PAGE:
Timeless Healing by Herbert Benson

The key to TIMELESS HEALING is what Dr Benson calls ‘remembered wellness’ – a term which may revolutionise the way that health care is practised in the Western world. A Harvard physician who has been immersed in science for thirty years, Dr Benson explains how he became convinced that humans are literally programmed with a need for faith. He reveals that when people call upon faith, they activate neurological pathways for dramatic self-healing.

In this life-changing book, Herbert Benson explores the true connections between medicine and the mystifying power of the human spirit. TIMELESS HEALING reveals how positive beliefs make a critical contribution to our physical health.

I’m not actually sure that I actually read this one. Based on the blurb it could be a book I only read because my ex-husband wanted to buddy read it. However, based on the Goodreads reviews, it looks like this might be a book that was accidentally combined with a book that I did read. So I have no idea whether or not I actually read Timeless Healing.

Re-read? — oh hell no.

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Joust by Mercedes Lackey

National best-selling fantasy author Mercedes Lackey creates a vivid, dynamic fusion of the cultures of ancient Egypt and legendary Atlantis with the most exciting and believable portrayal of dragons ever imagined.  The first book in this thrilling new series introduces us to a young slave who dreams of becoming a jouster-one of the few warriors who can actually ride a flying dragon.  And so, in secret, he begins to raise his own dragon.

This one I remember having the book… but not the actual process of reading it. I gave it a 3 star rating, but I think that was because I liked Lackey’s work a lot at that time. I know that I didn’t ever have any desire to continue with the series, so I’m guessing that I didn’t like the book enough to want to know more. It certainly wasn’t “thrilling” the way the blurb claims.

Re-read? — nah. There are better books.

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Subtle Knife (His Dark Materials #2) by Philip Pullman

Here is the highly anticipated second installment of Philip Pullman’s epic fantasy trilogy, begun with the critically acclaimed The Golden Compass. Lyra and Will, her newfound friend, tumble separately into the strange tropical otherworld of Cittàgazze, “the city of magpies,” where adults are curiously absent and children run wild. Here their lives become inextricably entwined when Lyra’s alethiometer gives her a simple command:  find Will’s father. Their search is plagued with obstacles–some familiar and some horribly new and unfathomable–but it eventually brings them closer to Will’s father and to the Subtle Knife, a deadly, magical, ancient tool that cuts windows between worlds. Through it all, Will and Lyra find themselves hurtling toward the center of a fierce battle against a force so awesome that leagues of mortals, witches, beasts, and spirits from every world are uniting in fear and anger against it. This breathtaking sequel will leave readers eager for the third and final volume of His Dark Materials.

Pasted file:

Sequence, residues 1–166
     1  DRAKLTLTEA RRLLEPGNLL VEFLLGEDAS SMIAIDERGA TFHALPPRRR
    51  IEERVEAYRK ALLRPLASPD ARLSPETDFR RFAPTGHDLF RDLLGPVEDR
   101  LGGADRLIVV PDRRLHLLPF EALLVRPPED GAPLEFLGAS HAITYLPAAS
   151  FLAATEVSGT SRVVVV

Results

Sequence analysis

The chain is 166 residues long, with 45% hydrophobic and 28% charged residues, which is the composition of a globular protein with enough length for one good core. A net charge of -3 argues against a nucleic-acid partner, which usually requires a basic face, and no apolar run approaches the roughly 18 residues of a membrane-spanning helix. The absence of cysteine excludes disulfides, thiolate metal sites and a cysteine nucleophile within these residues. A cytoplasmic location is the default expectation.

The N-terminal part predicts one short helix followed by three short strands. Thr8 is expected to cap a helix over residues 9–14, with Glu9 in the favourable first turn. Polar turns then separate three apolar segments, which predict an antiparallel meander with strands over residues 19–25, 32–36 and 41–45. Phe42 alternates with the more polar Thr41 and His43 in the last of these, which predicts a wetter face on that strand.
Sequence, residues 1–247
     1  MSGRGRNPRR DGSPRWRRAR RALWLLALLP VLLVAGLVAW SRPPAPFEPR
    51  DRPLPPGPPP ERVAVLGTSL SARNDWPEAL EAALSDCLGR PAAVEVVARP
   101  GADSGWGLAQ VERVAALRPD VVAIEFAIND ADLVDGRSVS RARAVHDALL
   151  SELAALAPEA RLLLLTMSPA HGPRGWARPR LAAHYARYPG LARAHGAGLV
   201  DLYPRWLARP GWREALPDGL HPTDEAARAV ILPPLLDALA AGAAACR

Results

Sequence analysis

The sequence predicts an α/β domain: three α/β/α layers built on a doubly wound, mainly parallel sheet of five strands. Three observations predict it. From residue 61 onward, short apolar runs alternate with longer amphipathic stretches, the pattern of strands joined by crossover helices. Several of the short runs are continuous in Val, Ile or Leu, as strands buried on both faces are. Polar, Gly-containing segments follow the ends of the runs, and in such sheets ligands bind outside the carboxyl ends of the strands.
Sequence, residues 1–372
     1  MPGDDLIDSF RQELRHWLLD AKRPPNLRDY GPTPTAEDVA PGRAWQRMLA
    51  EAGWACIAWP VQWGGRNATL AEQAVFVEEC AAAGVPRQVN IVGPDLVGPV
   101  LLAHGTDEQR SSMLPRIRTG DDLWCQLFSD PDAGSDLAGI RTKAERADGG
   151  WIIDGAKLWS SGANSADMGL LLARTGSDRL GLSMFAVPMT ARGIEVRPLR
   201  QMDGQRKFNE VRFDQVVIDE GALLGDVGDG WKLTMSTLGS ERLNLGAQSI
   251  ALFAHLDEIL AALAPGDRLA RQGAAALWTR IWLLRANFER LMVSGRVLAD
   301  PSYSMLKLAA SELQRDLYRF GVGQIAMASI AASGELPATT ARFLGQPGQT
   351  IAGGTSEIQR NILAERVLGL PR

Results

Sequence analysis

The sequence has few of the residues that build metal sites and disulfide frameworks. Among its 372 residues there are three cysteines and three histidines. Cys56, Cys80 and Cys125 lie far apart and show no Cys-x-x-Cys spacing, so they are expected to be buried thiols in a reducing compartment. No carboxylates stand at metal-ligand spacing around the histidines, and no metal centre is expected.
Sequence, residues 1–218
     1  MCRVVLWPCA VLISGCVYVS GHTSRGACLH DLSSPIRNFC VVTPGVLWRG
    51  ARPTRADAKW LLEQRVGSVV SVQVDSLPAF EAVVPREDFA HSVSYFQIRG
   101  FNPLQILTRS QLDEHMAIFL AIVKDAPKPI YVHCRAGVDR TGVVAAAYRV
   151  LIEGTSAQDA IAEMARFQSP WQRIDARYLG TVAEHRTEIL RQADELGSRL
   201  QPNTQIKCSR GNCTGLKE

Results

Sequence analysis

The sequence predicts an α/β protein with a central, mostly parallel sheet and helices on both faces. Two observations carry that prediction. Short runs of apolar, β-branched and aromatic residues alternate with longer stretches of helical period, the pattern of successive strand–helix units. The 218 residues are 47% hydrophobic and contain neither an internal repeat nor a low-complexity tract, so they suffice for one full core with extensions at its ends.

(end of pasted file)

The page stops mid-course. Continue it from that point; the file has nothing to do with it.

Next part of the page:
I read the first book of this series, and I remember being disappointed with it. But I have no memory of reading the second book in the series. (I rated it 1 star, so I’m guessing I really didn’t like it. I may have even DNF’d it.)

Re-read? — NO. If I was disappointed by the first book and blocked out having read the second, I don’t need to revisit it.


*I usually had to guess on the re-read dates, but since I’ve been tracking which books I read in which year for some time now, I was at least able to add a year and sometimes a month when I re-read a book. I could also use book review posts as a better idea of when I read a book.

**This is going to be a regular feature on the blog, at least until I run out of books that I don’t remember.